Postmenopausal women need to incorporate these 10 immune boosting practices if they want to live their healthiest, longest life.

These immune boosting tips come from Janice Johnston, MD, a family practitioner, and co-founder and medical director of Redirect Health. 

Eat Healthfully

“Maintaining a functional immune system can start with what type of diet you are upholding,” says Dr. Johnston.

“Your immune system will thank you for nourishing your body with necessary vitamins, proteins and other necessities. Good nutrition keeps your body running at the top of its capability. 

“Specific foods such as whole grains, fruits – especially citrus fruits – and vegetables are great for boosting the immune system and helping with postmenopausal symptoms, while spicy or fatty foods are wise to avoid.”

When buying vegetables, opt for those in their freshest form: in the produce section rather than the frozen foods or (especially) canned foods section.

Add vegetables to your foods every chance you get, even if it’s an “unhealthy” food such as pizza or white rice. 

Maintain a Healthy Weight 

Shutterstock/B-D-S Piotr Marcinski

“Exercising and maintaining an average weight for your height and build helps to regulate your body’s immune response,” says Dr. Johnston.

“Exercise and supplementing the body with optimal nutrients can multiply cell count, ultimately leading to an improvement in the way your body fights off infection.”

Be leery of whom you listen to on TikTok and Instagram when it comes to the debate over obesity and health.

One of the most recurring messages from very overweight influencers is that an obese person is healthy just because their blood work and cholesterol are normal.

However, while those metrics are normal – for the time being – other adverse effects of obesity are already in progress that can’t be detected by blood work, such as damage to the knee joints and a significantly increased risk for obstructive sleep apnea and some cancers.

Normal blood sugars, lipids and pressure are just snapshots in time that are very much subject to change as a woman enters her 40s and especially once she becomes postmenopausal.

Stay Hydrated

“Water is the secret ingredient to maintaining your health,” says Dr. Johnston.

“Water can help flush out toxins from the body, so the more you drink, you will be able to remove a large amount of toxin buildup.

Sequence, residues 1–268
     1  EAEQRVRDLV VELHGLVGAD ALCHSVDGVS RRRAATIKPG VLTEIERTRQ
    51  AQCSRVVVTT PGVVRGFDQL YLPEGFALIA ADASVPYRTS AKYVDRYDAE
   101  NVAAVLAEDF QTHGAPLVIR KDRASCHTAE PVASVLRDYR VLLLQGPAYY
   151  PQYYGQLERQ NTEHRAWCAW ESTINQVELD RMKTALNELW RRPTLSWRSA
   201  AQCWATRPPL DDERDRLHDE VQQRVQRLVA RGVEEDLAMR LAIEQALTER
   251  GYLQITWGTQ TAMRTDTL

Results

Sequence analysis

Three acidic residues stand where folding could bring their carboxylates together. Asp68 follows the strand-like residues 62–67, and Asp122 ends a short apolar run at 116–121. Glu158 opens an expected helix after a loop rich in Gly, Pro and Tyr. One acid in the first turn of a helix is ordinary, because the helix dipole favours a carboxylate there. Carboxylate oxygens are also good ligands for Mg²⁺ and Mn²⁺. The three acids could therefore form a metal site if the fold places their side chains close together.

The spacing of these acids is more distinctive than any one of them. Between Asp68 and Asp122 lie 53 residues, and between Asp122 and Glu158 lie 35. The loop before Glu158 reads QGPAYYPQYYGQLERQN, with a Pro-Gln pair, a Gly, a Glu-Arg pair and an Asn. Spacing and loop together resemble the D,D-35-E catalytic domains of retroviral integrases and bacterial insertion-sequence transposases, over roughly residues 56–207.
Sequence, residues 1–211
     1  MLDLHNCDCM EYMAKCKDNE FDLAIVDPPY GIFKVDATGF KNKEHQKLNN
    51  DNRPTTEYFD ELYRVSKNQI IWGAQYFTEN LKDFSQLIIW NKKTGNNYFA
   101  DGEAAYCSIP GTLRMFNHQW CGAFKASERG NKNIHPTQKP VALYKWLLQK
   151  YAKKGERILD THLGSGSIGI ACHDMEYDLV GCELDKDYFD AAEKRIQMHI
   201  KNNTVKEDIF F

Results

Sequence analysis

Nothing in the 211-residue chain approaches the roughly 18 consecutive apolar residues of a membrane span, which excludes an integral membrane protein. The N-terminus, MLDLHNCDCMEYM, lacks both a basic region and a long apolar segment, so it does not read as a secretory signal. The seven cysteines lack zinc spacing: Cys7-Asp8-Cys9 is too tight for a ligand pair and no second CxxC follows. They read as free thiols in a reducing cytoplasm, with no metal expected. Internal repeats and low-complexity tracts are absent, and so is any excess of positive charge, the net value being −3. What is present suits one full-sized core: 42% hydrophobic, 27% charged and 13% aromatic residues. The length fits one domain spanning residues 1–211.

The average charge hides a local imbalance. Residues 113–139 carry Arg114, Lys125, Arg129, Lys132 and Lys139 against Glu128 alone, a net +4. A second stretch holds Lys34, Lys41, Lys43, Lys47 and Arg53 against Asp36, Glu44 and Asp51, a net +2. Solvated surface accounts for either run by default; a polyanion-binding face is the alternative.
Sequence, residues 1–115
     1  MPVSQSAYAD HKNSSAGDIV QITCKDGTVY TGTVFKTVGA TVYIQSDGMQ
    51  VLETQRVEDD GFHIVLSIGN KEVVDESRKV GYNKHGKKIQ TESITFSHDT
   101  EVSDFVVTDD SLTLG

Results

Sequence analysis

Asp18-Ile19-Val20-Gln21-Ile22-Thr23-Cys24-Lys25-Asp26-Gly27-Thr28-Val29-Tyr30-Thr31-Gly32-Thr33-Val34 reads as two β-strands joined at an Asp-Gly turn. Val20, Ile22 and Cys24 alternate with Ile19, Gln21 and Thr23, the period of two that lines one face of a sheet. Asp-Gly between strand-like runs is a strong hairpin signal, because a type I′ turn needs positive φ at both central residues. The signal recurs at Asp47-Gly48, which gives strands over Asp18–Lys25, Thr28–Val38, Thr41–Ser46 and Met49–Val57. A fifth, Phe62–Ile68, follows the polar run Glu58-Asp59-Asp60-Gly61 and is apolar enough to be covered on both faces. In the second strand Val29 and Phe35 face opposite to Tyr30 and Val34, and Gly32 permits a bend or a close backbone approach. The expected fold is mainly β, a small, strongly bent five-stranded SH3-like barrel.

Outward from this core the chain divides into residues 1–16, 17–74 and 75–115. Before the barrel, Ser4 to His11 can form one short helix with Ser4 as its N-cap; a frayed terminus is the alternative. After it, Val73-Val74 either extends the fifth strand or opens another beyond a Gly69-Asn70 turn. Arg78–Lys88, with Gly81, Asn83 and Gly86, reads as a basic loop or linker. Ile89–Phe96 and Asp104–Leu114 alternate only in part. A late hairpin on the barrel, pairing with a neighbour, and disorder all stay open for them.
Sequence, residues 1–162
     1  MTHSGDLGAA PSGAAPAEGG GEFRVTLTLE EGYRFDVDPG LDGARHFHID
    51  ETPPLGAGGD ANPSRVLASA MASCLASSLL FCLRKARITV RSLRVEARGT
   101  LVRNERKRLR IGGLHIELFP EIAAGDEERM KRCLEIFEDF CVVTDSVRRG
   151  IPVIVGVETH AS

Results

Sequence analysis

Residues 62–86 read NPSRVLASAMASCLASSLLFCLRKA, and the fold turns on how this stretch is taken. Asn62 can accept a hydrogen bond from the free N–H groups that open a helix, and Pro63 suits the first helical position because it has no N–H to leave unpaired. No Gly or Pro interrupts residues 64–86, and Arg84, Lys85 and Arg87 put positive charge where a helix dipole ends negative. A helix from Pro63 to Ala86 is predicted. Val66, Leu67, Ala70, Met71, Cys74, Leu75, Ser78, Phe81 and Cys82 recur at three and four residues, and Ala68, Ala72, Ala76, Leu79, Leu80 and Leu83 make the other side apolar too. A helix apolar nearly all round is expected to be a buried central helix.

“Drinking plenty of water throughout the day also assists in keeping the body well-hydrated and making sure the flow of toxins out of the body is on a continuous cycle.”

To help achieve a minimum daily quota of 48 ounces of water, add a slice of lemon, or, better yet, squeeze a few lemons in a glass and add a few packets of the natural sweetener Stevia. 

Don’t Smoke, and Limit Alcohol 

hutterstock/Bogdan Vija

“Stressful activities and smoking or drinking alcohol can be taxing on the immune system,” says Dr. Johnston.

“Just like a muscle, the immune system can be worn out by how you take care of your body, and what the body is facing on a day-to-day basis.

“Additionally, your gut microbiome can be altered by alcohol and carcinogens such as cigarettes, ultimately damaging your immune cells.

“For overall health, drinking alcohol in large quantities or smoking are ill-advised.”

Quit smoking altogether – not even one cigarette a day. There is no established minimal number of cigarettes per day that has been established as safe.

As for drinking, women are advised to limit their consumption – regardless of type of liquor – to four ounces (half a cup) per day.

Regular Exercise 


Dr. Johnston explains, “Regular exercise will boost immune functions because it causes changes in antibodies and white blood cells.

“Physical movement helps white blood cells circulate faster, allowing them to detect illness sooner than they may have previously.

“Exercise for postmenopausal woman works best when rotating between aerobic, balance and strength exercises.

“It is best to aim for two and a half hours of moderate aerobic exercise each week. Over-exercising or exercising too intensely can suppress immune functions.”